A new community wind farm in the Borders will be the first in the UK to fund homes for social rental.
Named Fishermen Three, the 7.5-megawatt scheme is a joint venture between Berwickshire Housing Association (BHA) and renewables support charity Community Energy Scotland (CES).
It is hoped the three-turbine scheme, at Hoprigshiels, Cockburnspath, will generate around £30 million over the next 25 years by supplying power to the National Grid.
Fisherman Three will export nearly 25 million kilowatt-hours of green electricity each year – enough to supply about 5,900 households.
BHA will receive two-thirds of the income, estimated at £20m, which will finance the building of 500 affordable homes. CES’s £10m share will go towards supporting local groups across Scotland to develop and benefit from renewable energy projects.Borders community wind farm to bankroll 500 new homesThe scheme is backed by two main funders – Triodos Bank and the Scottish Government’s Renewable Energy Investment Fund.
Helen Forsyth, chief executive of BHA, said: “The idea for the wind farm came when BHA realised that we had to be innovative in order to solve the dilemma of how to keep building new homes for social rental, which are so badly needed in this area, at a time when funding for new housing through traditional channels was in decline.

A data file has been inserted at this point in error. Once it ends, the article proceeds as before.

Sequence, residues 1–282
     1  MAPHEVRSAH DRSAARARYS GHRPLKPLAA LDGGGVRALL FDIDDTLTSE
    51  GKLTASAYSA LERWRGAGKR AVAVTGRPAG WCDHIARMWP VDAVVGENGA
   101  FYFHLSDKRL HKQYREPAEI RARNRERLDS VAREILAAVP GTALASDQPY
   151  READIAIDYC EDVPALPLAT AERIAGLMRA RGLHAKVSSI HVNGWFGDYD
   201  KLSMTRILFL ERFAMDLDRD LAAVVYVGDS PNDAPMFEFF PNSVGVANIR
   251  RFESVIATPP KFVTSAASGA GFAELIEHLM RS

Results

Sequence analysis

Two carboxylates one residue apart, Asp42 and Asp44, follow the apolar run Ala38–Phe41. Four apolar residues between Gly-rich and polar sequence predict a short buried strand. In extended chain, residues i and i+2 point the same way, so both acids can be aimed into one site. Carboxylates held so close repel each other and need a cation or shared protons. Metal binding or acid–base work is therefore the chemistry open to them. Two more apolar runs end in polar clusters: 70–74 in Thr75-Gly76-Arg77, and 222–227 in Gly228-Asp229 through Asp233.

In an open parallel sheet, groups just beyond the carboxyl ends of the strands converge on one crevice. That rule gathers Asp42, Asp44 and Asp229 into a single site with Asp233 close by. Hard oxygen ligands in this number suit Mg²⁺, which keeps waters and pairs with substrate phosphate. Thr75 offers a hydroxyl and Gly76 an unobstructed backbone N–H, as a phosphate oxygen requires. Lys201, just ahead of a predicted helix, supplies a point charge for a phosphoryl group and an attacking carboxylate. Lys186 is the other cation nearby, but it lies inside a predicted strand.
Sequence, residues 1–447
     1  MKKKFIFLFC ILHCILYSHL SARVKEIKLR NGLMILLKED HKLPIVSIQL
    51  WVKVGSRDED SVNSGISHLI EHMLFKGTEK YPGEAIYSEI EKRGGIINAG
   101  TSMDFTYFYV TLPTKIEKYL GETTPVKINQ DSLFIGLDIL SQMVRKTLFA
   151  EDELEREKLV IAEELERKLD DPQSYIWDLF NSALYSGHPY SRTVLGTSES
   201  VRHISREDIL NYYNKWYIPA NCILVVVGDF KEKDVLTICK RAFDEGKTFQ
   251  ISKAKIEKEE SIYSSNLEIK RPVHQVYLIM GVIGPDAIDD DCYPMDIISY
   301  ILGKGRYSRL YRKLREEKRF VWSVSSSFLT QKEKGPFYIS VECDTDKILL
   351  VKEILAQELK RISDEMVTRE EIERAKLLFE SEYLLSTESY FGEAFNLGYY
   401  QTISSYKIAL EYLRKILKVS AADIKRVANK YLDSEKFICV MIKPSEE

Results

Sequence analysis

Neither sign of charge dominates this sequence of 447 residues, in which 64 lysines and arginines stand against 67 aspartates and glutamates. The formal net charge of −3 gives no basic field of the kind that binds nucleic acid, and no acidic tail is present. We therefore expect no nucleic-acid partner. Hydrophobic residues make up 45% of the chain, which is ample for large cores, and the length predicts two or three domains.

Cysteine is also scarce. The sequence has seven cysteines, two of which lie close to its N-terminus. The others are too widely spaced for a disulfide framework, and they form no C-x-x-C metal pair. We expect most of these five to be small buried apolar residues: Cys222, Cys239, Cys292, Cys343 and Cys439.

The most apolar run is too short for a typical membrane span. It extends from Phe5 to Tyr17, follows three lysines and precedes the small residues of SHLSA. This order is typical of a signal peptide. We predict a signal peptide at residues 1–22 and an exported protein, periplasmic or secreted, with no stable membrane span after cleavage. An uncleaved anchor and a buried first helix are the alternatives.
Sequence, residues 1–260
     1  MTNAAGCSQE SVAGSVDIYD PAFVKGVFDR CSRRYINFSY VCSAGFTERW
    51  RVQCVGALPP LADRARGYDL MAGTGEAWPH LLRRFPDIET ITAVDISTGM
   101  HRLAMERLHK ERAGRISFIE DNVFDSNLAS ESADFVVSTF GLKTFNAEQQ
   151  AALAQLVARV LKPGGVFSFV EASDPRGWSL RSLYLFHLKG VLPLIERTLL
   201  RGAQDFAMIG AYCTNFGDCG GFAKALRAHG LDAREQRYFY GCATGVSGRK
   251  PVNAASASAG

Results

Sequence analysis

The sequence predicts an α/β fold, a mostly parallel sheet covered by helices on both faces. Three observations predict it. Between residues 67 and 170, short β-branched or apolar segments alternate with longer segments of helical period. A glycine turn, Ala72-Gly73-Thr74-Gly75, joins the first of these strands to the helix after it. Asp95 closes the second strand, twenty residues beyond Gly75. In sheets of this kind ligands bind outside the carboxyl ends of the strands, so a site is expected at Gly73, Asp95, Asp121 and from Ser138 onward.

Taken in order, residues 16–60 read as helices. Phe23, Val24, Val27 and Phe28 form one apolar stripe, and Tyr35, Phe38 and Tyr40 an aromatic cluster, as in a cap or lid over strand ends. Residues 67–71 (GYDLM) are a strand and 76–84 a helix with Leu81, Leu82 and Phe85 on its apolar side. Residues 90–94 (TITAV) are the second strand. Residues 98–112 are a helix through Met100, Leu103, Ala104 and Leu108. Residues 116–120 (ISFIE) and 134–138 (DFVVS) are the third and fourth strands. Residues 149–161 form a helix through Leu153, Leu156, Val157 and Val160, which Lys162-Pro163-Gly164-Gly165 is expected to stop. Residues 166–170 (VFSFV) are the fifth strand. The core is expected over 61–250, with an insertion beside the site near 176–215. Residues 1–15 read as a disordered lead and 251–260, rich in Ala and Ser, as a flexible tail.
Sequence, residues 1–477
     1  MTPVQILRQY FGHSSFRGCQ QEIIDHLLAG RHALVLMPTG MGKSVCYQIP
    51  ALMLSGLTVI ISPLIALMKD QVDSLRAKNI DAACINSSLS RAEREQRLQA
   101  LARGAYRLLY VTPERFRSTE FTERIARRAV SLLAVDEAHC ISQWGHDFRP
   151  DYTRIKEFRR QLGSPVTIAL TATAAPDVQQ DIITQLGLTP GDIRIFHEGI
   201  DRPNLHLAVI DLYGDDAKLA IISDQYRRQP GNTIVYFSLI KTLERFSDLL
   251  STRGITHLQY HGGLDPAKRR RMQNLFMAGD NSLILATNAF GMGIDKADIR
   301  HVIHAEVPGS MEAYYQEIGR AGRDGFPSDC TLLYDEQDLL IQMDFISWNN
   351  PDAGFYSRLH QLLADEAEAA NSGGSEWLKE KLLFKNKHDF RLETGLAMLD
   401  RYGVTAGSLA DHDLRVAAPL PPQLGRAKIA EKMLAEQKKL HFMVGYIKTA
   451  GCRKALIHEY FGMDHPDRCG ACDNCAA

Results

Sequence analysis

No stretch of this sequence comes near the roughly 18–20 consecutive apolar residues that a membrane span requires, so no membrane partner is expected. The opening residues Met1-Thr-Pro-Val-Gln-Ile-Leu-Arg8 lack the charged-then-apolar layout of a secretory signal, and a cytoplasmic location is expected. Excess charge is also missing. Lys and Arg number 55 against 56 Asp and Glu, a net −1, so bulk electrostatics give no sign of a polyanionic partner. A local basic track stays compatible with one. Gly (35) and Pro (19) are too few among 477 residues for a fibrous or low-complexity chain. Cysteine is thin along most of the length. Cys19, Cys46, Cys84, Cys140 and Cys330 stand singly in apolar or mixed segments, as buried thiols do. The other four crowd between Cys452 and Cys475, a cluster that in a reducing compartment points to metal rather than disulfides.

“The wind farm will provide BHA with a reliable, predictable, low-maintenance source of income that will allow us to build a steady stream of new affordable homes at a time when services are all too often being cut.”
BHA has adopted a number of eco-friendly initiatives, including fitting 700 homes with solar panels and investing in new heating systems that cut fuel bills for tenants.
Nicholas Gubbins, chief executive of CES, added: “In recent years we have helped hundreds of community groups to take forward green energy projects, but like many charities we struggle to cover our own costs. We are delighted to have been able to work in partnership with BHA to develop our own joint project.
“The UK energy system is changing and we want to make sure that communities are at the forefront of the opportunities that this will create for new low-carbon energy developments.”
Scottish energy minister Paul Wheelhouse, who unveiled the scheme, said: “Locally owned renewables in areas such as the Borders have the potential to help drive social, economic and environmental change at a local level.”